I would like to thank Laurie McLendon for all her encouragement and support during the writing of this article.
Tocqueville, Jansenism, and the Psychology of Freedom
Article first published online: 21 JUN 2006
American Journal of Political Science
Volume 50, Issue 3, pages 664–675, July 2006
How to Cite
McLendon, M. L. (2006), Tocqueville, Jansenism, and the Psychology of Freedom. American Journal of Political Science, 50: 664–675. doi: 10.1111/j.1540-5907.2006.00208.x
- Issue published online: 21 JUN 2006
- Article first published online: 21 JUN 2006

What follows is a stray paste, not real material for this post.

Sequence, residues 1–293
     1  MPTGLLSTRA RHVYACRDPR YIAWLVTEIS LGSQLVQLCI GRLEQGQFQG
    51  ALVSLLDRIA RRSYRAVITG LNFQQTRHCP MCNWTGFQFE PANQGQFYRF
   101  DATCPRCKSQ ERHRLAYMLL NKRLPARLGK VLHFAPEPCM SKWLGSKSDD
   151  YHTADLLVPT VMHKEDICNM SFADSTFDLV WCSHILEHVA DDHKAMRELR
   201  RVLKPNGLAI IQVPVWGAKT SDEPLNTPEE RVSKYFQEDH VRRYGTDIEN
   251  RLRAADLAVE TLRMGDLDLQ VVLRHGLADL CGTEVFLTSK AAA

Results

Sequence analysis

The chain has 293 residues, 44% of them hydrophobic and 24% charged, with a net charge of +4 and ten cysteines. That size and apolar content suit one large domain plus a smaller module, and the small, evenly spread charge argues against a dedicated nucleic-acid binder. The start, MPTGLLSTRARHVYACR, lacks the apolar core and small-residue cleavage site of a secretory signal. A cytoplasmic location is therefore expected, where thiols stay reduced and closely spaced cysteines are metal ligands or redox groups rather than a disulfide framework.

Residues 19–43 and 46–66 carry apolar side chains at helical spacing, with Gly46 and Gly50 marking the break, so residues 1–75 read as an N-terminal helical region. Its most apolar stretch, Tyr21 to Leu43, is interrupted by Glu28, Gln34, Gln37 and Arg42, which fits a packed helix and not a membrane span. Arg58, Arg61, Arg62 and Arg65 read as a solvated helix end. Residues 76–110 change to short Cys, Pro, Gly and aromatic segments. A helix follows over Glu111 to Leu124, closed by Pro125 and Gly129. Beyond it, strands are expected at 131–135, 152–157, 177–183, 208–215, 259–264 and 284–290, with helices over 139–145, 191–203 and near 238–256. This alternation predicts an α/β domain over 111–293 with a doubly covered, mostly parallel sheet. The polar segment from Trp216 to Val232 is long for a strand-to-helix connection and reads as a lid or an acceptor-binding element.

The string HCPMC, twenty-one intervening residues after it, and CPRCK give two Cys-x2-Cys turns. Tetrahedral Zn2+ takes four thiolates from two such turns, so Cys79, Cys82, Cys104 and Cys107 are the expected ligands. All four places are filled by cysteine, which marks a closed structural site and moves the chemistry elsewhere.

In American political discourse, freedom is often spoken of in terms of its inherent rationality or divine origins and is conceptualized as nothing more than a set of concrete institutions coupled with individual rights. By way ofTocqueville'sDemocracy in America,I will attempt to broaden our political vocabulary by constructing a psychology of freedom. According to Tocqueville, the American consciousness is largely a product of two conflicting tendencies: Cartesian rationality and Pascalian existential angst. Out of the tensions created by the interplay of these two elements Tocqueville demonstrates that the motivations to sustain freedom, as well as the institutions and practices crucial for the maintenance of it, result from a complex psychological mixture of self-interest, vanity, and a desire for solitude.